AMSG has been rolling up ASCs since the 1990’s which has obviously led to most of the top line growth. AMSG added 12 centers last year and is looking to acquire 13-16 new centers this year. The AMSG acquisition strategy looks to have plenty of room to run given that over 50% of ambulatory surgery centers are independently (i.e. doctor) owned. For reference, M&A activity is historically more pronounced towards the end of the year. In Q2 AMSG shored up their liquidity situation by completing the refinancing of their $375m credit facility that is now good until May 2015 and placing $75m in senior notes that mature in 2020. AMSG is relatively under-levered (debt/cap of 36% vs. 40-60% peers and debt/EBITDA 2.5x vs. 3-4x peers) so they have plenty of firepower to make further acquisitions.

The acquisition strategy appears to be going fine as there is no discernable evidence that the incremental centers being acquired are less productive than the existing centers.

Health care reform and aging population are favorable long term trends

There is potentially a very large tailwind on the horizon for AMSG, starting next year as directed by the PPACA (and to think I was originally opposed to this genius plan) health insurance plans must cover preventative screening colonoscopies with no out of pocket costs. This could have a very positive impact on AMSG as they are highly exposed to colonoscopy demand. Furthermore the health care reform will provide an additional 32m people with health insurance. It is likely that more people with insurance will consume more health care services which should mean more surgical procedures for companies like AMSG. Additionally the aging population of the US will provide a long term tailwind as people typically require more procedures the older they get.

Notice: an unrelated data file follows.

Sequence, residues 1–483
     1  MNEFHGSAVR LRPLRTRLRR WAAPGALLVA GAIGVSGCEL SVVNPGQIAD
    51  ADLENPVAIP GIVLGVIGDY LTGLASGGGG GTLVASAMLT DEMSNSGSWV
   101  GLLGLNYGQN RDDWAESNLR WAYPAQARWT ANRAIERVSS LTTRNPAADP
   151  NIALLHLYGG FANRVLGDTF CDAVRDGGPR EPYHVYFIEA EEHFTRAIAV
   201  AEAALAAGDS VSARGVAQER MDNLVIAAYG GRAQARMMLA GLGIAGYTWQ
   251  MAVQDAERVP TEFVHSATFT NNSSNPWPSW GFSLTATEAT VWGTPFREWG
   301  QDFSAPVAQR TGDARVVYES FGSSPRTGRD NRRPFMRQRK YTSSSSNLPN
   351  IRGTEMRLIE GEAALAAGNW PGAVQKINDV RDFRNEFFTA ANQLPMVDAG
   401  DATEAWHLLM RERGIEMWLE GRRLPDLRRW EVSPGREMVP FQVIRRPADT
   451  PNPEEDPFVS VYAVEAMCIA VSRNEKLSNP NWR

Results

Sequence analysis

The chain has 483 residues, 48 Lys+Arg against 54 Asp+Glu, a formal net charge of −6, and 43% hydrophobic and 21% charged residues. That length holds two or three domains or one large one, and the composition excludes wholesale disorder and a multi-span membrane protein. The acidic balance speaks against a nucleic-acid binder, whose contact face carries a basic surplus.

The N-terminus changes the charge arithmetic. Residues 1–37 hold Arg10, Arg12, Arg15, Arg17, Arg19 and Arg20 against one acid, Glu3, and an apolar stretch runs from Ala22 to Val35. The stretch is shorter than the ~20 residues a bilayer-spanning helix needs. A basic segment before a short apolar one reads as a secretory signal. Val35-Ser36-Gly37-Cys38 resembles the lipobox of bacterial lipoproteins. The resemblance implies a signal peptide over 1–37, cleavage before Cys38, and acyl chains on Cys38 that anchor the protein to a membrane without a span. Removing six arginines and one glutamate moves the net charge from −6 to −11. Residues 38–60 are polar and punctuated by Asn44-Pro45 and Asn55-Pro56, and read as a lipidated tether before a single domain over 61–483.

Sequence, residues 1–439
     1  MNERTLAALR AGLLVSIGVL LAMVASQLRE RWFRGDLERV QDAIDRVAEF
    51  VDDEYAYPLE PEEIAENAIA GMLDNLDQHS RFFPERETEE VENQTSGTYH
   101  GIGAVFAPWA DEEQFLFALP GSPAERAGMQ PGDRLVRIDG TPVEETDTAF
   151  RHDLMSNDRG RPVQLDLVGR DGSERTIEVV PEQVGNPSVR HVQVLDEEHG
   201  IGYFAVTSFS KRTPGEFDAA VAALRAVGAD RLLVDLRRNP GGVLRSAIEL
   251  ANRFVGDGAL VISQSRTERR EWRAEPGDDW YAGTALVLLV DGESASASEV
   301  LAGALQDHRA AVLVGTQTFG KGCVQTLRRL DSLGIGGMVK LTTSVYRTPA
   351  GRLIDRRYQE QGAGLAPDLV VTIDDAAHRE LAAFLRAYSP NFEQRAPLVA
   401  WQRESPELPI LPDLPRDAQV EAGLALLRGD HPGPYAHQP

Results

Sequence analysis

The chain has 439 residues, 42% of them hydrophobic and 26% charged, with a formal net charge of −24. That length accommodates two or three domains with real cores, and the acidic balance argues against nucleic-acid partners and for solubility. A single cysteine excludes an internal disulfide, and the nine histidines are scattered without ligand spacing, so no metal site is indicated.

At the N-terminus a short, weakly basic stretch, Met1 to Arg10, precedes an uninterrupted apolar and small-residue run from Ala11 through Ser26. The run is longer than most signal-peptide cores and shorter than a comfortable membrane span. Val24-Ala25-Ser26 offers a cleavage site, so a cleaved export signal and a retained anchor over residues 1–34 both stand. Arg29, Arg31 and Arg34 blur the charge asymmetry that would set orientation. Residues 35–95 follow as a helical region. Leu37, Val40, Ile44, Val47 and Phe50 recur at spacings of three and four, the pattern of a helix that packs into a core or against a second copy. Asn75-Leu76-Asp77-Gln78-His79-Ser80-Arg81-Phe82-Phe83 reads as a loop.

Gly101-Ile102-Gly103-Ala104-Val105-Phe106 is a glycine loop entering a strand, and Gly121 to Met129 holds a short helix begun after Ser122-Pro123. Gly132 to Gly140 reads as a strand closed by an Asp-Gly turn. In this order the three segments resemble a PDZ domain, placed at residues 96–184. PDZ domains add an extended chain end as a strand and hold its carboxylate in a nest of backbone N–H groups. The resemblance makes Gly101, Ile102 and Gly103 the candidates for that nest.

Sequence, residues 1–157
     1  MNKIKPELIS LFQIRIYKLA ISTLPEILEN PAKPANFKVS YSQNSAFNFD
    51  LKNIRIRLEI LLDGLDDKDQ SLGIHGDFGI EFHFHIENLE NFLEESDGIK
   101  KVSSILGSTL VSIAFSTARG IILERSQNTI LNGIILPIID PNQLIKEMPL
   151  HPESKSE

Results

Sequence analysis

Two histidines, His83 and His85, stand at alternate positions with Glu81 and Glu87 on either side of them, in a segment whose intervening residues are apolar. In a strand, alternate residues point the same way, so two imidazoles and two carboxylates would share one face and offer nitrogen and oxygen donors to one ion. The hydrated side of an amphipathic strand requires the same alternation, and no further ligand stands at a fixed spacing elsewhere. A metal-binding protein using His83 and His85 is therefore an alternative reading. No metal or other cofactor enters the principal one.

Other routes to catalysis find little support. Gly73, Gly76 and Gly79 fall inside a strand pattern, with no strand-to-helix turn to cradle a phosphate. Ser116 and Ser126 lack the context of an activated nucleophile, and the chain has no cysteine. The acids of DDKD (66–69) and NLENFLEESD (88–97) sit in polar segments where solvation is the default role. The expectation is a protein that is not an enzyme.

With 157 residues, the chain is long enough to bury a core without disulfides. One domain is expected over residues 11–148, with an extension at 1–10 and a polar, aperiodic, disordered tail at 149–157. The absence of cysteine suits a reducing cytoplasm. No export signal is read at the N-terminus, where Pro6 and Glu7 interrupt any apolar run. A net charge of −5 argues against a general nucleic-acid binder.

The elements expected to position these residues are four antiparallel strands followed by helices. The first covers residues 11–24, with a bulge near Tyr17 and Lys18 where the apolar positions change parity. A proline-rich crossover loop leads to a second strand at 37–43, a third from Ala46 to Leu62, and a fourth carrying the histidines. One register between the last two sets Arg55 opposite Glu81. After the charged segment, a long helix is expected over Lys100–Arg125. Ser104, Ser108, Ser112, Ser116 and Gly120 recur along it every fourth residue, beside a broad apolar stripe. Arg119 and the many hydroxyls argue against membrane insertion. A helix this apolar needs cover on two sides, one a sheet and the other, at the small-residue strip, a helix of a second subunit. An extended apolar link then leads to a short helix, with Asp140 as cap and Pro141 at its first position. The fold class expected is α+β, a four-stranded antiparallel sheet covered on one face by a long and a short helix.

Risks

  • Lower Medicare reimbursement rates, with 33% of revenue coming from Medicare this is the most tangible risk. CMS revised the payments to ASC in 2008 and the changes are currently in the process of being implemented with final rates set in 2011. After 2011 reimbursement rates will then be adjusted by CPI adjustments. The ASC rates are set to be a rate that is 65% of the corresponding rate for hospital based outpatient surgeries so the driver of ASC reimbursement rates will ultimately be the healthcare costs of the hospitals. With 32m more people hitting the system I doubt we will see hospital cost deflation.

  • Regulations prohibiting physician ownership of healthcare facilities. In the unlikely event that the US prohibited doctors from owning healthcare facilities AMSG would be responsible for buying out the ownership stakes of their partner doctors. Given the large amount of partnerships and the doctor’s high % of ownership stake it would be very difficult for AMSG to come up with this money. I think this risk is rather remote as the AMSG/physician dynamic does not violate the Stark Law which prohibits doctors from making a referral for a health service to an entity that they have financial interest in. The Stark Law prohibits against doctors referring patients for lab services, physical therapy, imaging services, medical equipment and supplies from entities that they own.

  • A double dip recession impairs procedure volume as more people defer elective or preventative procedures due to economic hardship or loss of insurance.

Disclosure: Long AMSG

Source: AmSurg: Just What the Doctor Ordered